Epoxy Paint for Concrete Floors

Polyamide cured epoxies are excellent coatings for concrete floors. They are tough, flexible and resistant to most chemicals and solvents. These epoxy coatings are ideal for floors in chemical plants, laboratories, warehouses, shops and other industrial applications. They are easily applied by roller or brush.

For Industrial Use Only


250 ft2 first coat, new floor, thin with 5 ounces per gallon of paint with T-601 Epoxy Reducer for maximum penetration into the new concrete.

285 ft2 second coat (apply second coat within 72 hours). Do not thin the second coat. Apply “as-is” to ensure adequate film build to fully protect the 1st coat and the concrete floor.


Choose a short nap roller cover, such as a phenolic core roller, which is intended for use with epoxy paints. The hot solvents in the epoxy can damage a roller cover intended for paints, like house paint, with milder solvents. When finished, simply remove the cover from the roller handle and allow the epoxy to cure. Only apply the epoxy at a temperature of 70º F or above. The cure rate is greatly influenced by temperature and will take much longer at colder temperatures. Higher temperatures will speed up the cure time as well as shorten the amount of time the coating stays liquid in the bucket. These coatings will tolerate light foot traffic in 24 hours and full service after 72 hours


Mix the activator with the paint, (4 parts paint to 1 part activator, by volume), stir well with a “Jiffy Mixer” attached to a drill, and allow to stand 30-45 minutes before stirring again and applying. Do not thin unless desired in the 1st coat only. Mix only as much as you intend to use at one time. The activated epoxy will eventually go solid if it is not used within a few hours.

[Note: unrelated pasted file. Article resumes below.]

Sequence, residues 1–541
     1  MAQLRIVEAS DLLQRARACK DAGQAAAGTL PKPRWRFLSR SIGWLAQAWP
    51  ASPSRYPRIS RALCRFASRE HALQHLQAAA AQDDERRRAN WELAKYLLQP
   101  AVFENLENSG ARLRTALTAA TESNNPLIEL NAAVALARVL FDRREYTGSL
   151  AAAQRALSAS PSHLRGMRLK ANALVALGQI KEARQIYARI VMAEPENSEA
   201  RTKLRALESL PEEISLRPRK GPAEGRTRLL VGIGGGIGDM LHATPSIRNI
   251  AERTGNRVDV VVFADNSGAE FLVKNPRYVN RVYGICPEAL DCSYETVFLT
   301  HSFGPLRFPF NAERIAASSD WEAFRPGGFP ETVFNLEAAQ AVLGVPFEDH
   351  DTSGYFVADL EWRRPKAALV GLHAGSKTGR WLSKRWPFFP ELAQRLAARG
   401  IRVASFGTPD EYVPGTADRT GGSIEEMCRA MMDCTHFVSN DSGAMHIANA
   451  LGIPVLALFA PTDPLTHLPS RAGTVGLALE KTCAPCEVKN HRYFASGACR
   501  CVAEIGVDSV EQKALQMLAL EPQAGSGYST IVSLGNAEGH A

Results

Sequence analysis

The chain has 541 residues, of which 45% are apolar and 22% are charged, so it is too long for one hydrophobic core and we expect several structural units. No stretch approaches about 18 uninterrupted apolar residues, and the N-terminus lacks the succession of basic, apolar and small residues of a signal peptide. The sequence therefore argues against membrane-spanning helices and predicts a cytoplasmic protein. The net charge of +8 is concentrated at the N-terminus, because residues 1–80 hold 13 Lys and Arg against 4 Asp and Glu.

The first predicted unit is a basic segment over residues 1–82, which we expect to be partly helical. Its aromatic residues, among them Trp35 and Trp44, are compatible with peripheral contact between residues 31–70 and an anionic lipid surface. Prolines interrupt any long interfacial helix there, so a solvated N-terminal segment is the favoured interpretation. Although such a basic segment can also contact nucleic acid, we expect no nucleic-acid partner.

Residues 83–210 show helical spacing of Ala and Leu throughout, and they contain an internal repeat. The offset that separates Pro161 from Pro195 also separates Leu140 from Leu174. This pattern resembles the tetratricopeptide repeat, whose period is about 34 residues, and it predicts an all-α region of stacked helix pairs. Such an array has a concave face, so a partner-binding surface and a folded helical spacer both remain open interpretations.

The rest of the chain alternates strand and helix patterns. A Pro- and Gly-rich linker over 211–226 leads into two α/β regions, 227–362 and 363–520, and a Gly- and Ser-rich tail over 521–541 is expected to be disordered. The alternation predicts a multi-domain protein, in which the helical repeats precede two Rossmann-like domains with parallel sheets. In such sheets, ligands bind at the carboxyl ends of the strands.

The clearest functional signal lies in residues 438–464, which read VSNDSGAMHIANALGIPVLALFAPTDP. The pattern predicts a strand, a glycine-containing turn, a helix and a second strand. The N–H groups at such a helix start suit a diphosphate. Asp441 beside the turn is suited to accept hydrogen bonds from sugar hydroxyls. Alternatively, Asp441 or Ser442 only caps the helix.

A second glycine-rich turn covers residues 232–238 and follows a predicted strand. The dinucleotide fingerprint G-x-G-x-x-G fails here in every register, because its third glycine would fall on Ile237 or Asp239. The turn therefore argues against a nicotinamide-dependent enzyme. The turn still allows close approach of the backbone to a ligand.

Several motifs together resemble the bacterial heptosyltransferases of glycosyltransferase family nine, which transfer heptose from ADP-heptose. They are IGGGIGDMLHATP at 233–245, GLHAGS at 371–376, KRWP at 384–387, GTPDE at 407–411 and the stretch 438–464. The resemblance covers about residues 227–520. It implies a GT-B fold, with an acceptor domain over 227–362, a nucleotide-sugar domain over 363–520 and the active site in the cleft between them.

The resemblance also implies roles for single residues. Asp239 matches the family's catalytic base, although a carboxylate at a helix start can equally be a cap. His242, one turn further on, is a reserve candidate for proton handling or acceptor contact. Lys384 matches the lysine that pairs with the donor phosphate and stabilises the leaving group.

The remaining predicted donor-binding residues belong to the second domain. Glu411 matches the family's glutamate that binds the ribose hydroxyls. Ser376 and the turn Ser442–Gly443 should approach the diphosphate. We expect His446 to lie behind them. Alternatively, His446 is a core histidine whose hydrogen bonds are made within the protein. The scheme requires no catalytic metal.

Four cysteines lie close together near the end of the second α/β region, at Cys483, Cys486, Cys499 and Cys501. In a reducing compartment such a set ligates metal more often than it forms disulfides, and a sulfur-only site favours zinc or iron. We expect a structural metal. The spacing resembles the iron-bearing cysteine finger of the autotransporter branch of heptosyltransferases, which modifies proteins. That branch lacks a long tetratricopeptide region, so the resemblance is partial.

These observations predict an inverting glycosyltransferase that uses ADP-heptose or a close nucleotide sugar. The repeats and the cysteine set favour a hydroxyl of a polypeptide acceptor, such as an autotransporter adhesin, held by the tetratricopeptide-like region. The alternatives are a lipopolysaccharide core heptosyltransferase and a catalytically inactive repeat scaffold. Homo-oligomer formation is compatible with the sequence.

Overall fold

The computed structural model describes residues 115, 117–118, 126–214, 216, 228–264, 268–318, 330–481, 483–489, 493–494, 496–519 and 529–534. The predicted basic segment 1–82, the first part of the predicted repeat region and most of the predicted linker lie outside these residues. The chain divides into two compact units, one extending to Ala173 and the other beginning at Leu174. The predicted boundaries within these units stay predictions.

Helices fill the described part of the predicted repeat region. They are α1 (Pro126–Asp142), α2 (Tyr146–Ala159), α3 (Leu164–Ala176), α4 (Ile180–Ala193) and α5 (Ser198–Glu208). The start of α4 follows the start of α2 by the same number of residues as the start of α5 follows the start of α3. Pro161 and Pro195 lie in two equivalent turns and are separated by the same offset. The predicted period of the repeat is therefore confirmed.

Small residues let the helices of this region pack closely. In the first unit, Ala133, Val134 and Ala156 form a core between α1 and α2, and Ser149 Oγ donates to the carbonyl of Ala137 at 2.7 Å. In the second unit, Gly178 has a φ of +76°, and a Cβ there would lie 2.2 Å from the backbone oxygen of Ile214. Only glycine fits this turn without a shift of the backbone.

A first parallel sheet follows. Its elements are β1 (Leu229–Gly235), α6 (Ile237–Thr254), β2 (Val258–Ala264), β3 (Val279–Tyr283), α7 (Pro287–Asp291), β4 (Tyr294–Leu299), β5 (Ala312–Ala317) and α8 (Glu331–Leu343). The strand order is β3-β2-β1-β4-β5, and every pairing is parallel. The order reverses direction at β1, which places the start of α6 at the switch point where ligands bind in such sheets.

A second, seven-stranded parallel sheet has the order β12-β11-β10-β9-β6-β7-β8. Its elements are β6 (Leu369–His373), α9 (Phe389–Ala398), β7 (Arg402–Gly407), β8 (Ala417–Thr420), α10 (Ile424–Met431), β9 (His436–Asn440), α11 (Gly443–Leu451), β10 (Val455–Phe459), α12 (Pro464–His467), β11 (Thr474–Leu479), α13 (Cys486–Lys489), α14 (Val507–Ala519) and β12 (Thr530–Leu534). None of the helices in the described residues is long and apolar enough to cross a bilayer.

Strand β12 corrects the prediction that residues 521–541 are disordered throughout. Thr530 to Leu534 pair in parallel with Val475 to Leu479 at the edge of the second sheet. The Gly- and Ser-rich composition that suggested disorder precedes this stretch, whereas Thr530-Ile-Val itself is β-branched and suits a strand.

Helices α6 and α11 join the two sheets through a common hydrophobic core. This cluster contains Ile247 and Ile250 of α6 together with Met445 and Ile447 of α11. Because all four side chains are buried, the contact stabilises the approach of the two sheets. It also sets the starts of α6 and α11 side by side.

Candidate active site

Surface Preparation

The floor must be clean and dry, and free of oil or other contaminants. On new concrete, the surface should be cleaned chemically (weak muriatic acid), or mechanically (sanded or shot blasted), to remove surface contamination. On previously painted concrete, the surface should be scuff sanded and swept clean to give the epoxy a good bond. A test patch should be applied to make certain the hot solvents in the epoxy do not soften or lift the old coating. A test patch is also a good way to check the intercoat adhesion between the epoxy and the old coating. In this case, your bond to the concrete will only be as good as the bond of the original coating.

Fire Hazard

CAUTION! Remove all potential sources of ignition before applying the epoxy. These epoxy coatings contain solvents, which are highly flammable. A pilot light on a water heater, a spark from a light switch, or an arc from an electrical power tool could start a fire. Provide good air circulation to prevent a build up of fumes.

Slip Hazard

CAUTION! The epoxy surface is extremely slippery when wet. This can result in serious injury. The painted floor should be kept clean and dry and free of anything that could cause someone slip and fall. Water condensation in a non-climate controlled, air conditioned area is a common source of moisture on an epoxy floor. Spills of materials such as oil or other lubricants can also pose a problem. A non-skid surface can be created during application of the epoxy by broadcasting clean dry sand into the surface of the wet epoxy and then allowing the epoxy to cure around the sand. Other materials and techniques may be used as well. Please call to discuss your individual needs so that we can share ideas.